For the last few weeks, my garden has been home to several Monarch butterfly caterpillars . This is cause for celebration because Monarch butterflies have been so scarce in the garden this year, but, finally, as the migrants have made their way south, several of them have stopped over in my yard to deposit their eggs on my milkweed plants. The eggs that successfully hatched have resulted in hungry caterpillars which have now stripped most of the leaves from those plants. I've been on the lookout for the next stage in butterfly development, but I had not seen any evidence of it until yesterday. I found this lovely green Monarch chrysalis hanging from the back of one of my patio chairs. Now, butterfly development proceeds in a fairly mundane fashion up until the chrysalis point. The female lays the egg on the host plant - the milkweed in the case of the Monarch. A tiny caterpillar hatches after a few days and begins to devour the plant. All caterpillars are born hungry and, a

The war on Christmas

It's that time of year when Bill O'Reilly, Sarah Palin, and all of their cohorts in Right-Wingnutville get their knickers in a twist over what they call "the war on Christmas." For the rest of us, surrounded as we are by symbols of Christmas everywhere we go and perfect strangers wishing us a merry Christmas, this "war" looks a lot like peace, but you'll never convince those who peddle the war stories. It turns out, though, that the war stories they constantly peddle on Fox News and in books like Palin's book, Good Tidings and Great Joy , are mostly pure bunk. We had an example of that bunk in Texas just this week when State Rep. Dwayne Bohac (R-Houston) held a press conference to crow about the bill he had introduced that had just become law. His law ensures that everyone in Texas has the right to say "Merry Christmas." Yes, the Texas legislature this year, with all the serious and real problems that this state has, took time to pass a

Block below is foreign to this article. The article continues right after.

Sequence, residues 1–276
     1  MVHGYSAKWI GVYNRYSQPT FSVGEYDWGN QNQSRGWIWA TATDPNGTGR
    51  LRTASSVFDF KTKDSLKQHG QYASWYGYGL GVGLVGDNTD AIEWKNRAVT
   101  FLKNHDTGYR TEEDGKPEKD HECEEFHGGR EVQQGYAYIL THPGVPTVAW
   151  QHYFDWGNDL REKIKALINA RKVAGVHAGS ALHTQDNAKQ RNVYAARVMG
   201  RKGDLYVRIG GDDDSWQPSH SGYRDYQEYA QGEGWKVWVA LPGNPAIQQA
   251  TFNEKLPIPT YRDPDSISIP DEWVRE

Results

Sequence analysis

Legacy of the Dead by Charles Todd: A review

My rating: 4 of 5 stars Legacy of the Dead is the fourth in Charles Todd's Inspector Ian Rutledge series. This is an intelligently written, literate series about a veteran of the trench warfare in France during World War I who, after the war, is trying to pick up the pieces of his life and his career at Scotland Yard. But he carries the burden of a dark secret - namely, that he still suffers from the effects of shell-shock, as it was then known, post-traumatic stress disorder as we call it today. He carries with him the persona of a young Scots soldier named Hamish McLeod, whom he had to have executed on the battlefield for his refusal to obey an order. Hamish's cynical, taunting voice is a constant presence in his mind. One of the strengths of these books is that they deal with the issue of PTSD in a very sensitive fashion. Ian Rutledge's superior at Scotland Yard is a very jealous man and he prefers to keep the skilled investigator Rutledge as far away as he can, so h

Poetry Sunday: Snowbound (The sun that brief December day)

John Greenleaf Whittier (1807-1892) was an American Quaker poet who was strongly influenced by Scottish poet Robert Burns. He wrote poetry that was very evocative of time and place. This week, as much of the country is wrapped in snow and ice, this seems an appropriate poem, with which to commemorate this season of cold. Snow-Bound  [The sun that brief December day]   by  John Greenleaf Whittier The sun that brief December day Rose cheerless over hills of gray, And, darkly circled, gave at noon A sadder light than waning moon. Slow tracing down the thickening sky Its mute and ominous prophecy, A portent seeming less than threat, It sank from sight before it set. A chill no coat, however stout, Of homespun stuff could quite shut out,     A hard, dull bitterness of cold, That checked, mid-vein, the circling race Of life-blood in the sharpened face,     The coming of the snow-storm told. The wind blew east: we heard the roar Of Ocean on his wintry shore, And felt the strong pul

Caturday: You shall not pass!

Hat tip to The Huffington Post for this compilation of canine cowardice. I'm not a big Huffington fan, but I have to admit this is kinda funny.

The Captain of his Soul

Photo by Darryl Hammond, Getty.  “When a man has done what he considers to be his duty to his people and his country, he can rest in peace.” (Nelson Mandela, 1994) NELSON MANDELA 1918 - 2013 I have featured this poem on the blog before in connection with writing about Nelson Mandela, a man almost universally admired. It was a poem that was apparently very meaningful to him and which brought him comfort in his long years of imprisonment on Robben Island. It seems appropriate to feature it again today.  If any man could ever be called the Captain of his Soul, it was surely Nelson Mandela. We are privileged to have walked the Earth at the same time as this great man.